Evelyn Dunston’s Ngahere Karauna (Forest Crown).
This year’s Ranamok was launched at the Canberra Glassworks, and the prize went to New Zealand glassie Evelyn Dunston, whose quite amazing cast work was a deserving winner for technical difficulty alone (it’s pretty damned awesome.) She’s been a serious contender for the last couple of years, so it was not before time that she picked up the guernsey.
The Ranamok is one of those annual events that we always look forward to, and it never fails to entertain. The very nature of the beast delivers a visual cacophony of work that pretty much represents the entire range of studio glass technique, and demonstrates the spread and diversity of Australian and New Zealand glass practice. And due to the (choice by image) selection process the competition is strangely democratic; it’s always a real hit and miss affair, inevitably resulting in a bit of a dog’s brekky (and some real dogs, without fail, manage to make the cut.)
In an interview in Saturday’s Canberra Times the show was touted as ‘the best of the best contemporary glass from Australia and New Zealand’ – which of course is merely that noisome Australian/Canberran tendency to hyperbole, and patently just not true. It’s always quite interesting to see who does get in, but more so in the light of those who didn’t crack it – and frankly it’s always a bit of a mystery. This, by the way, is intended as no reflection whatsoever on either the winner or any number of pieces in the show - but we figure it’s pretty much like all good block-busters; as long as there’s a fist full of pearls, everybody leaves happy.
The Ranamok, of course, has historically been one of those shows that does deliver something for everyone (ie it caters for every possible taste, and then some), so it’s entirely possible that the inclusion of the odd piece of dross is a deliberate ploy on the part of the management…perhaps it’s even a psychological device to encourage more people to have a go next time. But whatever the case may be, we for one certainly don’t want to discourage it – for some years now we’ve been running a book on ‘Dog of the Show’, which amuses the bag out of a few of us – all of whom, of course, shall remain nameless. (And in case you’re wondering, no we haven’t posted a photo of the dog.)
The Gang’s actually been mulling over the possibility of running a Salon des Refusés for some time now – and hopefully we’ll pull our finger out in time to launch it in concert with next year’s kick-off. Haven’t decided on a name; we’ve been tossing around The Sedately’s or The Run a Country Mile , but we’re far from married to anything concrete at this point in time. More of that further down the track…
Oh, but we digress…back to the opening. It got the usual turn out, though mainly a local crowd - and it’s always great to catch up with everyone, again(!) And, like we said, it was an entertaining evening all round. As a gallery venue for the Ranamok, the Glassworks worked surprisingly well – there’d been lots of speculation as to whether there’d be sufficient room to squeeze it in, the gallery space being so curiously spare (in odd ratio to the scale and purport of the building.) Not a problem, as it turned out – and actually it was nicer to have the show strung out across the different areas, as opposed to housed in one uniform, conventional gallery space. But, oh, what was with the lighting in the foyer? We can’t remember it being so harsh at the Glassworks own galah opening. Ghastly. Lit up like a Westfield mall, it was – but perhaps that was the point.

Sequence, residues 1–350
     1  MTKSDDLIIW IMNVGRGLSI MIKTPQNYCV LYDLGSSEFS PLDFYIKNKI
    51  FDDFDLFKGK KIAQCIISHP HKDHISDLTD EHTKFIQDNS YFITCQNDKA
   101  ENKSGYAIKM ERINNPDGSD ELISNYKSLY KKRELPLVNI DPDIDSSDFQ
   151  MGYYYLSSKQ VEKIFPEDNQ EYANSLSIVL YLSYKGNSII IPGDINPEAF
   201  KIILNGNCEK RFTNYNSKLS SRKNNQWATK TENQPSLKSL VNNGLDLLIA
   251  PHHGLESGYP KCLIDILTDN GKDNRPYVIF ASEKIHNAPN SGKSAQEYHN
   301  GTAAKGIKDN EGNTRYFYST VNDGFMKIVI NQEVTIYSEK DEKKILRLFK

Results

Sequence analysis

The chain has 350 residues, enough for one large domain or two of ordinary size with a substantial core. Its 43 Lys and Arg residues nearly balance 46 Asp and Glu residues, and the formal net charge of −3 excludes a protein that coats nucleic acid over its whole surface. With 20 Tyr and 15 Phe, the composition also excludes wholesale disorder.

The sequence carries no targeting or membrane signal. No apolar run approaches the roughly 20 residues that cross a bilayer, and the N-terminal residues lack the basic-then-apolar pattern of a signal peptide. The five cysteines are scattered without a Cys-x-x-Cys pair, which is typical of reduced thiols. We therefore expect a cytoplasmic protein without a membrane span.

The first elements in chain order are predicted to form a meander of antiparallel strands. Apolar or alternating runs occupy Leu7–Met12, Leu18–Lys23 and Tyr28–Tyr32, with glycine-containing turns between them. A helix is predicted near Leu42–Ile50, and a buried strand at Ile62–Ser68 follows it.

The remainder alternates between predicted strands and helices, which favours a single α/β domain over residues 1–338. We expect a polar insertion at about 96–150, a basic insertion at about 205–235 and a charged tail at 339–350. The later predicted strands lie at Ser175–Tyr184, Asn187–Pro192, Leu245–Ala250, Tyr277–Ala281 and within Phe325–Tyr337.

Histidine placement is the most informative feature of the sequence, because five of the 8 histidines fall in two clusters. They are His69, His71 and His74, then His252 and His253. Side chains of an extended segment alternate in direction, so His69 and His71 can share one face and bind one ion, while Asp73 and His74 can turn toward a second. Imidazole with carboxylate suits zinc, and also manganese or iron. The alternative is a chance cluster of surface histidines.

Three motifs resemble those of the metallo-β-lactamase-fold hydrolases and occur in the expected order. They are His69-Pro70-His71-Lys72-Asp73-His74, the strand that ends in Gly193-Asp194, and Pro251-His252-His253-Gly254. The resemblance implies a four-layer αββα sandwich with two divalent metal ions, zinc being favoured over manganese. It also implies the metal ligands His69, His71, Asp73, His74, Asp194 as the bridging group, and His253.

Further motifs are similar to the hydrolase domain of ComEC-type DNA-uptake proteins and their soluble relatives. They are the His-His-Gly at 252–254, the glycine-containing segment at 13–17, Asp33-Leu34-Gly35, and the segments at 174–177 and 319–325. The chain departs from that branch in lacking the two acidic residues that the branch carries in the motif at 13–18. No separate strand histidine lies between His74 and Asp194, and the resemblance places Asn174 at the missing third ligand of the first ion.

The relentless pressure to volunteer for all and sundry duties pertaining to the general running of the facility appears to have perhaps taken its toll on/run its course with the local glass community and students from the ANU. On this occasion it was the gold-and-silver bods who’d been press-ganged into servicing the bar – and it seems that the hospitality belt has been tightened yet a further notch or five right across the board; not only was it a paid-bar, but the catering was nothing short of an embarrassment. Lordy knows what poor bugger was roped in to do it (because it wasn’t a paid professional job, surely), but the Glassworks picks up our ‘Oh yeah, you’re all class’ award for perhaps the most tragic art event catering we’ve witnessed for many years.
Picture the offering: a plate of sliced (possibly Presto Hungarian) salami on white bread, a plate of (very indifferent) sliced camembert on a cracker, and a plate of chopped-up bits of quiche (bearing all the hallmarks of a supermarket freezer)…all doing a bland and unappetising circuit of the room, over and over again one would imagine. The only thing missing was the chunk of tinned pineapple. Fair dinkum. Not a splash of colour or a lonely twig of garnish to be seen. Catering doesn’t have to be expensive, or over the top – but our advice is that if you can’t do it effectively then don’t do it, period. (And this would have the added advantage of not costing anything at all, which we suspect will appeal to what is shaping up to be the Glasswork’s overriding corporate credo.) We would have taken photos, but even the camera couldn’t be tempted.
And then the bar ran out, a good forty minutes before the reception’s end! The explanation given was that far more people had turned out than expected – yeah, well that always happens – which we could perhaps understand if the Glassworks were putting on free drinks (god forbid!) themselves. But, you know, when you’re charging for the plonk then it’s no big deal to have extra supply on hand (especially when most wine merchants run a sale or return arrangement for precisely this sort of occasion.)
Never mind, we all took ourselves off to that nice Belgium beer pub in Kingston, and had a lovely time happily picking over the evening’s bones of inevitable contention. All in all it was a great night out. Give it an eyeball at